Tuesday, March 15, 2011


 The dangers of Radiation

The Japanese authorities say the radiation levels from the Fukushima Daiichi nuclear plant could now post a potential health risk. Here we look at the health risks...

Why is the radiation dangerous?
Ionising radiation poses a threat to human health because it can damage human cells at the molecular level and disrupt the body's natural control processes. Moderate exposure can increase the risk of cancer, while high levels this can cause widespread organ failure.

What is a dangerous dose?
A radiation dose is expressed in units of Sievert (Sv). On average, a person is exposed to approximately 3.0 mSv/year, most of which is due to natural sources such as cosmic rays.

The readings at the Fukushima site rose beyond safe limits - 400 millisieverts per hour (mSv/hr), after a third explosion last night. So far nearly 200 people have been taken to hospital with suspected exposure

According to the World Nuclear Authority a radiation dose of 100mSV a year is the lowest level at which any increased risk of cancer is evident.
A cumulative dose of 1,000 millisieverts would increase the incidence of fatal cancer by about five per cent.

A single 1,000 mSv dose causes radiation sickness such as nausea but not death. A single dose of 5,000 mSv would kill about half of those exposed to it within a month.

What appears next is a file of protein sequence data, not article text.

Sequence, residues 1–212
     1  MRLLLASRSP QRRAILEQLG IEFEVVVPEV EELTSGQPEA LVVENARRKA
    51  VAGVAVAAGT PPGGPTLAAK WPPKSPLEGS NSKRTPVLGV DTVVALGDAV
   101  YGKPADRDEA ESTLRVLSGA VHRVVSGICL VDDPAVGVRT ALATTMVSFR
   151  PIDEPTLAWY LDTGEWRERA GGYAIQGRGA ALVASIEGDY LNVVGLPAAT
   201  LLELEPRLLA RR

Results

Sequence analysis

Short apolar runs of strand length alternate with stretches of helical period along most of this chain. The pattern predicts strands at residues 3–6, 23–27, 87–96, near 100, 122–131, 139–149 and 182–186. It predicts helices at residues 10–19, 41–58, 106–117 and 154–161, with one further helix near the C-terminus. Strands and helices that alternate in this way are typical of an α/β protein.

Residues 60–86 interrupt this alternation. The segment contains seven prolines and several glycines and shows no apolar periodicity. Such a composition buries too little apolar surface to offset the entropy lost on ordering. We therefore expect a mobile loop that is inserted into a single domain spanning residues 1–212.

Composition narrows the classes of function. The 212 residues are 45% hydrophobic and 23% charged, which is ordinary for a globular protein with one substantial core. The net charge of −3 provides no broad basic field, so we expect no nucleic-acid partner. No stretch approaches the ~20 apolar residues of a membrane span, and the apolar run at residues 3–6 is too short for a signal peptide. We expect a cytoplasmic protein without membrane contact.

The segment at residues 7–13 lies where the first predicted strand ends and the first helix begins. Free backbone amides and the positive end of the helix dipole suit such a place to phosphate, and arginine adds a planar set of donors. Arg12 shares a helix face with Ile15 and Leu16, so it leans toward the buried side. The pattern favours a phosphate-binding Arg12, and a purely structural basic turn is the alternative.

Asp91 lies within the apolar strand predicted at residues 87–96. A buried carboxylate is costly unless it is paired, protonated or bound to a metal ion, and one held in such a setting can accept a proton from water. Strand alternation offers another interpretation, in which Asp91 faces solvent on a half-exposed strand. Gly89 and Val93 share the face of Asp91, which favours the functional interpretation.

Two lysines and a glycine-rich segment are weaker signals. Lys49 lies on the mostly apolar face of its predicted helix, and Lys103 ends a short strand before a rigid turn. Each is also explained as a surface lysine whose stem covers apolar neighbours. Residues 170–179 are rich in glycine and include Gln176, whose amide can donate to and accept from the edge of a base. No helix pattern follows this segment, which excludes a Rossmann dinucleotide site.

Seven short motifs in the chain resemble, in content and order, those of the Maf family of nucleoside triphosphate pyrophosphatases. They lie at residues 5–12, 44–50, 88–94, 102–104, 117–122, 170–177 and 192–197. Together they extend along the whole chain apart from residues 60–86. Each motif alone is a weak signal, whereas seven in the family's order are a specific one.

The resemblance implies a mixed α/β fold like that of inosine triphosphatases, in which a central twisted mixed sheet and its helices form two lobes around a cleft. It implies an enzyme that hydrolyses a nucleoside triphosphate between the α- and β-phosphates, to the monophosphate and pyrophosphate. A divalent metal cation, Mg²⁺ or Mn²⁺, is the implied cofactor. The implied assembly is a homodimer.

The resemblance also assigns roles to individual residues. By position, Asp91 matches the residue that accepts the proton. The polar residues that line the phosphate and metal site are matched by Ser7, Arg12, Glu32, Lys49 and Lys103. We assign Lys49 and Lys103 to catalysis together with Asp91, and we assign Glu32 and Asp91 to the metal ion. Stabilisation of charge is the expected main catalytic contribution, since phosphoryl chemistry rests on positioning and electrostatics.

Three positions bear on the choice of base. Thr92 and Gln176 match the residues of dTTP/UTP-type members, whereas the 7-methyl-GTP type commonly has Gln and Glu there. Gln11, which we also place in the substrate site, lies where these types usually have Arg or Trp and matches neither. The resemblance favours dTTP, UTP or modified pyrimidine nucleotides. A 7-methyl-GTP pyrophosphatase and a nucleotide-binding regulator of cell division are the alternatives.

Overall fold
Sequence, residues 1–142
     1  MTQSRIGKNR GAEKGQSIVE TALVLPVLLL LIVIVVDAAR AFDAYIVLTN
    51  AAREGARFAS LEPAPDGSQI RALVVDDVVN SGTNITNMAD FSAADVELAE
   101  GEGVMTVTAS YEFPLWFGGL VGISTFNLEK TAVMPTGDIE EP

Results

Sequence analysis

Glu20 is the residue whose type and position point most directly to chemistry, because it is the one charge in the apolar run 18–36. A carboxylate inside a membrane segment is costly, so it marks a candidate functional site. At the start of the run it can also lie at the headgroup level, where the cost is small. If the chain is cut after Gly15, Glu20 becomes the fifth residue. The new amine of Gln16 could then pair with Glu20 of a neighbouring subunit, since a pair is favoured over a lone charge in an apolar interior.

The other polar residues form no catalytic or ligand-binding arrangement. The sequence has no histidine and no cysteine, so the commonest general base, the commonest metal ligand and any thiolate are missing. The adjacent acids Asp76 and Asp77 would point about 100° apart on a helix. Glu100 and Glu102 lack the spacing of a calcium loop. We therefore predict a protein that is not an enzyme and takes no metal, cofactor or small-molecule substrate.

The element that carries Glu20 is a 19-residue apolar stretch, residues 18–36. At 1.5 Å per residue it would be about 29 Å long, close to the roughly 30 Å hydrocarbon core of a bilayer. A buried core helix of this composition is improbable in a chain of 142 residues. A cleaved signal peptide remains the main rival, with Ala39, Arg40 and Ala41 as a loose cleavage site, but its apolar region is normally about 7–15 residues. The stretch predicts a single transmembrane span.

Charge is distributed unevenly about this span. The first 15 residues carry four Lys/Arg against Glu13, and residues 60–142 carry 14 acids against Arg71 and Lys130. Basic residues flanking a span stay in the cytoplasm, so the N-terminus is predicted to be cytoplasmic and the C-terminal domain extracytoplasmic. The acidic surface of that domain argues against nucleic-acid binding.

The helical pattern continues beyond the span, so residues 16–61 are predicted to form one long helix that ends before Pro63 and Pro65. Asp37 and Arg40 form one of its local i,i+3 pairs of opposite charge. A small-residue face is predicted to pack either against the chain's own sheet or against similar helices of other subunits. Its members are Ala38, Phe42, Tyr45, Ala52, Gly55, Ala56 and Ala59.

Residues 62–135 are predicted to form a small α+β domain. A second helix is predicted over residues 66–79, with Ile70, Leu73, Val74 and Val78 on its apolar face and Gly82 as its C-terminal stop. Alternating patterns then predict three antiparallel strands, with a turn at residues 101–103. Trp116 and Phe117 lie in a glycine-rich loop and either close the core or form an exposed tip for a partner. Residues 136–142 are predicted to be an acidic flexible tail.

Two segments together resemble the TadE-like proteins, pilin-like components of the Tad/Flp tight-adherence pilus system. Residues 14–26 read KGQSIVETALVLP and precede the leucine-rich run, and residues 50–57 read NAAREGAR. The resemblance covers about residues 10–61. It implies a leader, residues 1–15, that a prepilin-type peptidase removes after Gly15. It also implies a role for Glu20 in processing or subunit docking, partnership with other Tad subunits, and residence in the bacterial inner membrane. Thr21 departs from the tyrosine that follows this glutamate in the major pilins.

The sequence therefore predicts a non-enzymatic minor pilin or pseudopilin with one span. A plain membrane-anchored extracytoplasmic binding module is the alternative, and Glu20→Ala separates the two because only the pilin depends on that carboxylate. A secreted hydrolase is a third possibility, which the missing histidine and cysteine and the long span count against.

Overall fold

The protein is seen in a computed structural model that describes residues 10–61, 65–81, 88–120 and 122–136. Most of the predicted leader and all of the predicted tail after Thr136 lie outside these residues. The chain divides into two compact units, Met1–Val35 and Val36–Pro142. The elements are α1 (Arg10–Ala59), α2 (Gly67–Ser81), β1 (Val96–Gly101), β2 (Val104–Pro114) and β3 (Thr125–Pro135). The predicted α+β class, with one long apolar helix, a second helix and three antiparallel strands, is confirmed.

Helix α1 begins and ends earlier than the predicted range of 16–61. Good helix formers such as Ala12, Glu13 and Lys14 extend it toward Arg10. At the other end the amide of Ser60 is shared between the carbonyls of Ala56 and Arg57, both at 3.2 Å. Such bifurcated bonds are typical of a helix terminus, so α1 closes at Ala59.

However, Lam Ching-wan from the University of Hong Kong said: 'Very acute radiation, like that which happened in Chernobyl and to the Japanese workers at the nuclear power station, is unlikely for the population.'

Tokyo reported slightly elevated radiation levels, but officials said the increase was too small to threaten the 39 million people in and around the capital.

What are the symptoms?
Moderate exposure to the radiation will cause symptoms including vomiting, diarrhoea and headaches. It also raises the risk of cancer in the long-term.
High levels of radiation also causes radiation burns, hair loss and potentially fatal damage to internal organs.

How is it treated?
Further contamination is reduced by removing clothes and shoes, and washing the skin with soap and water.
Drugs can increase white blood-cell production to counter any damage that may have occurred to the bone marrow. Potassium iodine tablets before radiation exposure can stop the radioactive iodine from lodging in the thyroid.
A dye known as Prussian blue can also be used to remove certain radioactive materials from the body.

How has the Japanese Government responded?

People living within 18 miles of the plant have been evacuated or urged to stay indoors and make their homes airtight.
They have also distributed 230,000 units of stable iodine to evacuation centres from the area around Fukushima Daiichi and Fukushima Daini nuclear power plants as a precaution. The tablets block radioactive iodine from being taken into the thyroid gland, protecting it from damage and potential cancer.
The 70 workers working to safeguard the nuclear complex are all wearing protective gear. They are being rotated in and out of the danger zone quickly to reduce their radiation exposure. One death has been confirmed after a worker was caught in an explosion.

The risks of radiation on the human body
 The risks of radiation on the human body






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